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My investing philosophy mostly centers around the Value discipline and GARP- Growth at a Reasonable Price. This blog includes commentary on market conditions as well as fundamental analysis of specific companies. Graduated from Rhodes College with a degree in Business with concentration in Finance & Marketing. Currently working on obtaining the CFA designation. Previously worked in Mortgage Trading for a major bank. Use MS Excel extensively for developing investment models, notably valuation models based on DCF methods.

Monday, August 6, 2012

Estimating 2Q 2012 US Smartphone Sales

Last week, Strategy Analytics published its estimates for 2Q12 US smartphone shipments; however, they can't been seen as reliable due to a number of problems. Whenever I read research or an article, or hear somebody quote market share figures from the large industry research houses, such as IDC, Gartner, Strategy Analytics, or Canalys, I cringe. Too often, I find wide disparities between these industry estimates and the numbers I know to be true- figures reported by manufacturers, carriers, resellers, etc. in press releases, SEC filings, and on conference calls. Another problem is that these research firms give little public explanation behind their methodology. A better framework is to first calculate sell-through, or sales to end-users which the top 4 carriers provide smartphone unit figures. These aren't 3rd-party estimates; they are actual sales figures from the horse's mouth. Since these numbers can be attained with a high degree of confidence, we can then hash out shipment estimates based on analyzing market and seasonal trends, as well as incorporating any guidance available from vendors and carriers/resellers.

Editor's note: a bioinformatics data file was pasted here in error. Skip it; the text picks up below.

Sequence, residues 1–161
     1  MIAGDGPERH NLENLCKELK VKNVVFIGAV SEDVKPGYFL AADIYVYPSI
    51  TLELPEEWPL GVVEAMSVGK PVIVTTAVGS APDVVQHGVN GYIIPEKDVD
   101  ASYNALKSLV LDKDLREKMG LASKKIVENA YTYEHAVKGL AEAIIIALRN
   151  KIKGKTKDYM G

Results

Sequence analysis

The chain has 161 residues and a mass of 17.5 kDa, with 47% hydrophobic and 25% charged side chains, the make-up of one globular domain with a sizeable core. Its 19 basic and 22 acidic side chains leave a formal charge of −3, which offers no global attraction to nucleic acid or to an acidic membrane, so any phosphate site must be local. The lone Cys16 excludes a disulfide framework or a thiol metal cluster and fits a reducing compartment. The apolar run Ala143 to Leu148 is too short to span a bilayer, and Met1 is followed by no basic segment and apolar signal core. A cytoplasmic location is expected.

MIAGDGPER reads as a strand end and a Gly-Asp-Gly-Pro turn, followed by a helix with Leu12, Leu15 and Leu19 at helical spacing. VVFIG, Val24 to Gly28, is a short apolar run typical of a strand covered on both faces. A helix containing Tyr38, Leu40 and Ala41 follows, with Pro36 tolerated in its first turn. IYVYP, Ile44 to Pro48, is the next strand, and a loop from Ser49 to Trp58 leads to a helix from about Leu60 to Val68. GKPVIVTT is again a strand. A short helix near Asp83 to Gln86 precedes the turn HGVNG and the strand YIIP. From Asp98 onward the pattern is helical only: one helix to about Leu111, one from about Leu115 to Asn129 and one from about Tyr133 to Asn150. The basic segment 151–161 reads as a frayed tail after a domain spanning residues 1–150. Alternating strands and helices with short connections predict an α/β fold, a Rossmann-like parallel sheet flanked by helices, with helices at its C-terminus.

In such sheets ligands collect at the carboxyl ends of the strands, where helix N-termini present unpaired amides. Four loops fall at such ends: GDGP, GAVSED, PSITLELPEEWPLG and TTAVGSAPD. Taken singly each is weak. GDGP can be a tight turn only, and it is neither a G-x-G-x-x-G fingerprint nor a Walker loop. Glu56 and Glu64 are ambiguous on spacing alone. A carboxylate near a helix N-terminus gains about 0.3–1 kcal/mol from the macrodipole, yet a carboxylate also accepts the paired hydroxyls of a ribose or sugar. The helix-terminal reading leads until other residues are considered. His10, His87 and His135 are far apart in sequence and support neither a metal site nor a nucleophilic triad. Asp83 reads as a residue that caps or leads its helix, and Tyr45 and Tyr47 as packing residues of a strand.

Strategy Analytics 2Q12 US Smartphone Shipment Estimates:

source: Strategy Analytics

The first problem with SA's Q2 US shipment estimates is that its figures for Apple aren't shipments, they are sell-through. The 7.9M unit shipment estimate for Apple is the sum of activations reported by AT&T, Verizon, and Sprint. To be consistent with measuring shipments, as we assume SA is doing for the other OS platforms, sales to iPhone carriers and resellers (i.e. Best Buy, WalMart, Radio Shack, etc) need to be measured. 

Second, the activation figures used only include 3 carriers, however iPhone is available through 16 carriers in the US. Even though these carriers are very small and many weren't online during the entire quarter resulting in relatively low activations, there would be considerable iPhone shipments into these channels due to the need to build a stock of initial inventory.